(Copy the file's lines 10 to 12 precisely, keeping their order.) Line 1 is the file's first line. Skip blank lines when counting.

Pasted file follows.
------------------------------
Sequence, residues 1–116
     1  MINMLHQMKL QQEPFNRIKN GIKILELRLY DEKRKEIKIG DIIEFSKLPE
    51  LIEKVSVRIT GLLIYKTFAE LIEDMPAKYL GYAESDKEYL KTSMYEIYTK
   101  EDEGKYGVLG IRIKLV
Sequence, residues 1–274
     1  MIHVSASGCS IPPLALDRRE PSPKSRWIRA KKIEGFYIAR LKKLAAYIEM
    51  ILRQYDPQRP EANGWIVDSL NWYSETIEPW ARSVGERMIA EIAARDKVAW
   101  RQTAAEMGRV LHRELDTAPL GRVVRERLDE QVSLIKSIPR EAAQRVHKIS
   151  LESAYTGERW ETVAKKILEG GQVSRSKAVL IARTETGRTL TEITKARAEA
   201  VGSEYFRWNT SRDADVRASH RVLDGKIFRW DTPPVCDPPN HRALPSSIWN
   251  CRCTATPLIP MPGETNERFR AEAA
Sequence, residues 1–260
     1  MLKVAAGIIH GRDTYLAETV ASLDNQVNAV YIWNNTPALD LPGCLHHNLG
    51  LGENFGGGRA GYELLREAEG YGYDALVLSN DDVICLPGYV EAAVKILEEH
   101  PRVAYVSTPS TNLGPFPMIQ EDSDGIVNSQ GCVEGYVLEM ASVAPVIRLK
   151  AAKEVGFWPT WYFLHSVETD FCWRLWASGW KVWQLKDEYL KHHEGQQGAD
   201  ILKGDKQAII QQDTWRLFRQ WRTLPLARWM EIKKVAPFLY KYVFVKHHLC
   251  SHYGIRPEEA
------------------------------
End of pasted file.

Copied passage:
   201  VGSEYFRWNT SRDADVRASH RVLDGKIFRW DTPPVCDPPN HRALPSSIWN
   251  CRCTATPLIP MPGETNERFR AEAA
Sequence, residues 1–260